BBM notifications on iOS are not the same as BBM notifications on BlackBerry.  On BlackBerry, you can act on BBM notifications from within any application.  On the BlackBerry 10 lock screen, tapping on a BBM will take you straight into the conversation into the BlackBerry Hub.  iOS 8 introduced similar features for iMessage, allowing actionable notifications throughout the entire OS and allowing replies straight from the lock screen.  BBM messages on iOS, however, do not enjoy the same privileges.  BBMs must be responded to from within the BBM app, fragmenting users between their SMS/iMessages and BBMs.  BBM Groups are a particular pain point.  On BlackBerry 10, users have the option to turn off group notifications in the BlackBerry Hub.  No such option exists on BBM for iOS, meaning that in order to mute groups, you must toggle off notifications for BBM entirely.  BBM Group notifications on iOS are also done strangely. Each entry into a group causes a notification to appear, meaning that an entire group conversation will appear within the Notifications area on iOS, despite all being part of one group.  Turning off push notifications, however, means that any kind of notification for BBM is turned off.  In essence, I can’t tell when I have new BBMs because turning off push notifications also turns off the notification icon atop the BBM icon.  I have to constantly check BBM for new messages.  The end result is that I respond to BBMs much less frequently than I used to on BlackBerry 10.

So, what do I want?

In essence, what I want is an all-encompassing BBM experience on iOS as I had on BlackBerry 10.  But there’s more to it.  When people compare BBM and iMessage, it’s not exactly a fair comparison.  BBM is not simply a rerouting of texts through data; it’s so much more than that.  BBM is its own social platform, complete with features that make it an attractive tool for business purposes and casual users.  Yes, iMessage is more than a redirecting of messages through data as well, but it is, in no way, as iconic or as feature-rich as BBM. The “Ds” and “Rs” used to be a huge draw, yet BBM has so much more now.  Yes, BBM will always be limited by the permissions it is allowed on non-BlackBerry platforms, but I want BBM to be the best app on any platform I use.  BBM is an extension of BlackBerry and to users of other platforms, it is the face of BlackBerry.  I want BBM to succeed because BBM succeeding everywhere is BlackBerry succeeding in one market I know it can dominate in.  If BBM is going to be available to users of other platforms, it should be the best experience possible.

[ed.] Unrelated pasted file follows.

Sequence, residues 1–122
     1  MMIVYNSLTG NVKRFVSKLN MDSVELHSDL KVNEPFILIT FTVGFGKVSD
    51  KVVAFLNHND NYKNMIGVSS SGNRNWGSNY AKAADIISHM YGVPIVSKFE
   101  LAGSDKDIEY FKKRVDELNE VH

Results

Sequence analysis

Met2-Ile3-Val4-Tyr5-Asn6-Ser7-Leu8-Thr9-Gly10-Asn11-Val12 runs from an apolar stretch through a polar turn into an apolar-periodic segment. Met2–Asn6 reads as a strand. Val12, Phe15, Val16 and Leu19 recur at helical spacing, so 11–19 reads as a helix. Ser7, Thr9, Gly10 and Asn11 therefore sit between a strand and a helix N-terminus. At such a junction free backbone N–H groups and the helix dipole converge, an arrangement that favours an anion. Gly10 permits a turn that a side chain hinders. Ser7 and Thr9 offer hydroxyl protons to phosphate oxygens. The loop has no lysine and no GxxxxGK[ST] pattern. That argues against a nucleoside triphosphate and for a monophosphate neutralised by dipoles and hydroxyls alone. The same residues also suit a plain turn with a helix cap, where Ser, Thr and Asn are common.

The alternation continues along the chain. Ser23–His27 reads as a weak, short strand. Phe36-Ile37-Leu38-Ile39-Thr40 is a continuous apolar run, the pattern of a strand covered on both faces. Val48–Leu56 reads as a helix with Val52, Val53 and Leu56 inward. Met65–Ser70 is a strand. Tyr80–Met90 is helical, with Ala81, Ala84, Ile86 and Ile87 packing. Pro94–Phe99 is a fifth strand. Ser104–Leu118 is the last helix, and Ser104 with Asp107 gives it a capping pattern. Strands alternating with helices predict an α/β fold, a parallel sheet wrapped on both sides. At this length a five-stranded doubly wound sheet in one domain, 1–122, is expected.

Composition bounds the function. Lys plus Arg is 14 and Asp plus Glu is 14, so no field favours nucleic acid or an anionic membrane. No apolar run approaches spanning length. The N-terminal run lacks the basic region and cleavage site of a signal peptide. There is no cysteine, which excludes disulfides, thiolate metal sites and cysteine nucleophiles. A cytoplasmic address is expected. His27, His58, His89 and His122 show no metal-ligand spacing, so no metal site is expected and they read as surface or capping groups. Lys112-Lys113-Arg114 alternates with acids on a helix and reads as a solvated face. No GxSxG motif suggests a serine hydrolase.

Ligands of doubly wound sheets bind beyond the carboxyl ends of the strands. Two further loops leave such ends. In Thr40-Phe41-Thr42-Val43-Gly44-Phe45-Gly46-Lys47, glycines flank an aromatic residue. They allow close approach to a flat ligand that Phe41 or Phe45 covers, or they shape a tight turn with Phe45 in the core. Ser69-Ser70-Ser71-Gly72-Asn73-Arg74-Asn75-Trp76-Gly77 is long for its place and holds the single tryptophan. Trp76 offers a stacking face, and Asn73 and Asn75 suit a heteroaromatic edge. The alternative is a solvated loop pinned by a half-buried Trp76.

I want a BBM that doesn’t intimidate iOS users with an unfamiliar UI, but one that’s inviting and comfortable.  I want a BBM optimized for the new iPhone 6 and 6 Plus.  I want a BBM that has more control over notifications (if that’s possible).

I believe BBM to be the single-best messaging client on earth and I want a BBM experience on iOS that is as indispensable and as enjoyable as BBM on BlackBerry 10.


Tough Love: Why We Left Our BlackBerrys

As you have probably noticed, we have recently made the change from BlackBerry to iPhone (which you can read about on Lauren’s blog and David’s blog). We’ve gotten a lot of questions and comments from this switch, and because of that, we decided to write a blog post about the reasons why. Since we both got BlackBerrys at the same time, and then switched to iPhone at the same time, we thought it only appropriate that we create a unified blog post about it!

How We Got Involved in BlackBerry